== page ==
If you're a programmer, it's possible to write your own drivers. In fact, not so long ago this was a fairly common practice for Linux users, most of whom were geeks with coding experience. Now that Linux has become more mainstream, many users have no idea how to go about that. For programmers who want to write Windows drivers, Microsoft provides the Windows Driver Kit (WDK), which is available on the Microsoft WHDC (Windows Hardware Developer Central) website at

Because drivers are executable programs, they can pose the same risks to your computer as any other program. For this reason, Microsoft requires extensive testing before a driver is deemed "certified" for use with an OS. If you try to install a driver that doesn't meet that criteria, you may get a warning message. With Vista, Microsoft introduced a new security mechanism in the 64 bit edition of the OS. Any drivers that access the kernel (the core operating system code) must be digitally signed by the publisher of the software. Unsigned drivers won't run. This is also true on 64 bit Windows 7. Note that it is possible to disable the driver signing requirement; see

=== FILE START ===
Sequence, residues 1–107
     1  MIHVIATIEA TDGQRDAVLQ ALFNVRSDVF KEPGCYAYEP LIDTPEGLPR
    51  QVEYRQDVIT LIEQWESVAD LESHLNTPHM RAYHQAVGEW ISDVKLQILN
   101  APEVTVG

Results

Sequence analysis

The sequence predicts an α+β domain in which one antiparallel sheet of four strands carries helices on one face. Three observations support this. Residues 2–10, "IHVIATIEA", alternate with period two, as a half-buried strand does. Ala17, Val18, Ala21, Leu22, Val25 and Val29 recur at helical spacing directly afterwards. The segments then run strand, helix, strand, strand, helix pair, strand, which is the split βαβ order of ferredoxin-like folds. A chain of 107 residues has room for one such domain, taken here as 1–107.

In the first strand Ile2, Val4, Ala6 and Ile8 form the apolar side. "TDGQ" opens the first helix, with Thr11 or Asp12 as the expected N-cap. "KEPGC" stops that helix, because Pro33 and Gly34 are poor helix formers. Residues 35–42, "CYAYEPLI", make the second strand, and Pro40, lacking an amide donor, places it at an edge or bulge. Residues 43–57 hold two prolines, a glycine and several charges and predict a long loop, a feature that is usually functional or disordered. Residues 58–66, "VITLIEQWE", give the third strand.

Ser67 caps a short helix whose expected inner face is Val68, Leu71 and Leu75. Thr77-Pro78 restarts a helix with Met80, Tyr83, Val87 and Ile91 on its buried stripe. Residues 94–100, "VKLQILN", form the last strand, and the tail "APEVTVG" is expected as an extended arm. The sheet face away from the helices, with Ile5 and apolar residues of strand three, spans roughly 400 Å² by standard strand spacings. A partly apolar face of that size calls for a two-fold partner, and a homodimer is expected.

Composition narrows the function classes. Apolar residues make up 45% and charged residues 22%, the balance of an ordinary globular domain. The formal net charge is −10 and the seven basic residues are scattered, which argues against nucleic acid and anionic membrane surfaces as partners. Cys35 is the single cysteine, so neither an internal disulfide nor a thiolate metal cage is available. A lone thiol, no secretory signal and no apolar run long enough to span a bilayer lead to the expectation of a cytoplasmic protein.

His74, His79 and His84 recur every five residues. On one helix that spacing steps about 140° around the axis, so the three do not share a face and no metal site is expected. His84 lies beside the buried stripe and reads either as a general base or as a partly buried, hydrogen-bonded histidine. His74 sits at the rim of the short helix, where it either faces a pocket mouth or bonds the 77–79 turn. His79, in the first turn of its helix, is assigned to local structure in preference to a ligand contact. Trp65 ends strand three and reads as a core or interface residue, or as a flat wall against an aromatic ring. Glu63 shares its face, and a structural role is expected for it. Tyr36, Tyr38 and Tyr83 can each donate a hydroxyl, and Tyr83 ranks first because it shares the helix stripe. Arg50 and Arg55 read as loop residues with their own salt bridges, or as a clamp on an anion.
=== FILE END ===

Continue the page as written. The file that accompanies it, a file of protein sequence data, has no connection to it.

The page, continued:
Tell us what you think. Have you had major problems related to device drivers? Should Microsoft keep the same driver model for all operating systems for backward compatibility? Should Microsoft take on the responsibility of providing drivers for all hardware devices? Would you ever consider trying to write a driver yourself? Or does the whole subject of drivers put you to sleep? We encourage you to discuss this topic in our forums at

Follow-up: If it ain't broke, don't break it

Apparently last week's editorial resonated with quite a few of our readers. We got plenty of feedback, most of it (but not all) in support of the title sentiment.